The PR onslaught of a new U2 release brings all sorts of hyperventilating and hyperbole by media and fans alike; I’m no less susceptible to this than others, so I thought it would be worthwhile to reexamine the band’s most recent album, 2004’s “How to Dismantle an Atomic Bomb,” to find a little perspective in the this-is-the-best-U2-album-ever hysteria that is about to descend upon the world.
With the new album, I predict some revisionist history will occur regarding the band’s previous work this decade, especially the last album. While “Atomic Bomb” received, in general, good to great reviews from the press, somewhere along the line it became cool for a vocal portion of the U2 fan community to bash the living crap out of the record. I’m thinking with “No Line on the Horizon,” there’s going to be a lot of stuff about getting away from the “old U2,” or the “tentative” and “safe” tendencies of the previous two albums, like they weren’t any good or something.

Overall, I still stand by my A- review of the album; I would certainly listen to arguments to drop it maybe to the B range, but I think it’s otherwise unfairly vilified by a vocal faction of the U2 community. Though its low points have become harder to overlook, its great points still soar just as high for me today as they did originally and more than make up for a few lackluster tracks. The fact that U2 can still write songs that live up to their own legacy is quite a feat, indeed.

Here’s a track-by-track look:

So what if it was on an (undeniably cool, iconic) iPod commercial? This remains one of the band’s most ferocious tracks of their entire career. Go back and listen again for when Edge explodes back into the song after the bridge. The lyrics are underappreciated, as well, as Bono examines the struggle between heart and head, and maintaining faith in an age that seeks to make the word meaningless. This 21st century can indeed make you feel dizzy, and “Vertigo” starts a conversation about faith and living in this world of ours that runs through the entire record.

“Miracle Drug”
From the very first time I heard it, “Miracle Drug” has always sounded like a “Beautiful Day” knockoff. Plodding along, it’s U2 trying to be U2, which is never a good thing. Bono’s lyrics are weak, his delivery even weaker; his slow cadence throughout just drags the entire thing down. It’s the first of several state-of-the-world songs on this album that fall rather flat.

“Sometimes You Can’t Make It On Your Own”
The hands-down high point of the record, this track still makes me just stop and listen. It demands attention, refusing to be relegated to background music. The “siiiiiing” moment may seem like not as big a deal now, but it’s easy to forget that prior to “Atomic Bomb,” Bono’s voice had been slipping dangerously away into ragged nothingness. He hadn’t sounded this strong and clear in a decade, and “Sometimes” is one of Bono’s best-ever performances, as both a writer and a singer.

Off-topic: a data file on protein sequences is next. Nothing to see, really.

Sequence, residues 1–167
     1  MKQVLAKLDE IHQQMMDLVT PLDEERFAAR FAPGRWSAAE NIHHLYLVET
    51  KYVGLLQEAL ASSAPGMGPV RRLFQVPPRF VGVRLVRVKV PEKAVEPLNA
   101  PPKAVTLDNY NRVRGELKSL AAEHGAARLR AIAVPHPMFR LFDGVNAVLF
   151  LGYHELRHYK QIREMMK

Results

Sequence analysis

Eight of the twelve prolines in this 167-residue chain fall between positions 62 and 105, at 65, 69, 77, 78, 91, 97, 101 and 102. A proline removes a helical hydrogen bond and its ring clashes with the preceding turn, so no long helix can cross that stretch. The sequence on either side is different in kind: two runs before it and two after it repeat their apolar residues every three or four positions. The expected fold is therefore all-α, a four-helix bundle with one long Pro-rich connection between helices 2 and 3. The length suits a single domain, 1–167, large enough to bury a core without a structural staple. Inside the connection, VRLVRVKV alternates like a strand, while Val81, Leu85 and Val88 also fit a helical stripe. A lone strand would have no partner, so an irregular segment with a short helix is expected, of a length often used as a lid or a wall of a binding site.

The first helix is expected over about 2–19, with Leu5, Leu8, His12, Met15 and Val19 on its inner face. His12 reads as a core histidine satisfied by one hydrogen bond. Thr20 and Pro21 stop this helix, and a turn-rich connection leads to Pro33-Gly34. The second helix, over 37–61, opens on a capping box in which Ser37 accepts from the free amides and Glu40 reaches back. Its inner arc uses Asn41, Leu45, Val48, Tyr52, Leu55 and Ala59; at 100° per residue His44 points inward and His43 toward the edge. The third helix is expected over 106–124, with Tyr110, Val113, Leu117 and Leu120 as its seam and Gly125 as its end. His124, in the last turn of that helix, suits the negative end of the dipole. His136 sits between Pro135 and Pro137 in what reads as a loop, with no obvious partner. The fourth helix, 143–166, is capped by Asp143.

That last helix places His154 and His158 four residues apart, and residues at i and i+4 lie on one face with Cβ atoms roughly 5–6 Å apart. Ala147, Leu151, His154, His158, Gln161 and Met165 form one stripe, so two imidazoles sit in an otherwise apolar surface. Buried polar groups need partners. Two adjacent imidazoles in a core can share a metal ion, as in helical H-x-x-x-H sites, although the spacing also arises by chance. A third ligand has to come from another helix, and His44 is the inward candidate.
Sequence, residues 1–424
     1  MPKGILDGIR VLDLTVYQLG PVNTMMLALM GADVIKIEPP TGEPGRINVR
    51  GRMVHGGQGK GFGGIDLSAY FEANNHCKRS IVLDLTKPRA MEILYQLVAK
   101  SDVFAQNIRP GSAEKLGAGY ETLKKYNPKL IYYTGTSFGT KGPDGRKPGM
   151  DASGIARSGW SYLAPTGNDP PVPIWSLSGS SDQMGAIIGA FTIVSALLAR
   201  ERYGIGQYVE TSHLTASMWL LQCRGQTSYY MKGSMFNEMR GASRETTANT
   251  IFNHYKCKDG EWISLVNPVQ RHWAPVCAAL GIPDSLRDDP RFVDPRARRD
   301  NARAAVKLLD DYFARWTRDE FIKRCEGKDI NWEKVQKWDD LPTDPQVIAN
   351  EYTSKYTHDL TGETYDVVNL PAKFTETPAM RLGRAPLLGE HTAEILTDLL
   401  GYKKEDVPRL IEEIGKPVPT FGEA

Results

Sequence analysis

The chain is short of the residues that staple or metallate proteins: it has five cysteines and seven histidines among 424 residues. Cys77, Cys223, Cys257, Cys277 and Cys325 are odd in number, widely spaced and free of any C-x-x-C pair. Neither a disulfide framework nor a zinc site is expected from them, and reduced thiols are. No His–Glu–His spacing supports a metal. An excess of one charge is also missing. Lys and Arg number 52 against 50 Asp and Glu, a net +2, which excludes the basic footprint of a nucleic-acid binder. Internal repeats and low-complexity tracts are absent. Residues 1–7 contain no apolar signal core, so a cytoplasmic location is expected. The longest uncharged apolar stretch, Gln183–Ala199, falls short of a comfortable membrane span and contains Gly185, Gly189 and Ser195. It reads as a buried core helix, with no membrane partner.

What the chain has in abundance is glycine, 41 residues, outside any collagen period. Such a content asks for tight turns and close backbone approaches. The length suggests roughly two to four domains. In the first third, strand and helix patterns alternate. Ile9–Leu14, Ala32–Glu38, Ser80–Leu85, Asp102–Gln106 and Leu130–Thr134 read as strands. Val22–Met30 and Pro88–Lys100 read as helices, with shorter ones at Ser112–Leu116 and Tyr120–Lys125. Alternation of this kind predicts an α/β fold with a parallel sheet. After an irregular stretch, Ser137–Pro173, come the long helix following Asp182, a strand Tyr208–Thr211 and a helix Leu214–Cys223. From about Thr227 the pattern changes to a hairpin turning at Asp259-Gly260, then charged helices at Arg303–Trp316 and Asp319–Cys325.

“Love and Peace or Else”
Boy, Bono was all over the place early on in this CD. Here a solid, sinewy rocker is wasted on his vapid lyrics. The millennia-long conflict in the Middle East is just a bit too complicated for a five-minute rock song.

“City of Blinding Lights”
As opposed to “Miracle Drug,” this is epic U2 at its best, an absolute freight train of a song. The chorus, especially, is as roof-rocking as the band’s ever been. And as is the case throughout the album, Bono’s lyrics come much easier and more natural when he’s writing about his own experiences, rather than addressing global issues. “City of Blinding Lights” encapsulates the overall theme or the record, as here he refers back to the issues addressed first in “Vertigo” and again in “All Because of You,” with themes of lost ideals and innocence, his head distracting him from a heart open to God, and God striving to drag him back from the vortex of this world and return to a place of childlike faith. A tremendous song.

“All Because of You”
The second case on “Atomic Bomb” where a loose, easy rock song belies the intensity and insightfulness of the lyrics. This homage to The Who packs a spiritual punch equal to a Pete Townshend guitar squall, as Bono continues his career-long conversation with the Almighty. Go back and read the words; they’re really quite brilliant, right down to the “I am” line, which could be either Bono addressing the great “I Am,” or saying “I am” what I am thanks to you, Lord. After all this global icon and has seen and done, “All Because of You” serves as a powerful reaffirmation of his faith—again, hidden inside a blistering “throwaway” rock and roll song.

“A Man and a Woman”
Certainly the most lyrically dense track on the album, this one’s a little tough to get my arms around. I interpret it as another reaffirmation from Bono, this time to his wife, promising he would never sacrifice the true love they share for the fleeting pleasures available to the world’s biggest rock star. A nice, mature change of pace leading into the second half of the record.

“Crumbs from Your Table”
One of The Edge’s best riffs of the album goes by the wayside here as Bono once again goes on the global warpath. I’ve always read this as Bono chastising America—or at least all wealthy nations—for not doing enough to help the poor. Save the preaching for the podium. Still, it’s really solid otherwise—Chiming Guitar Edge in fine form, familiar but not a rehash.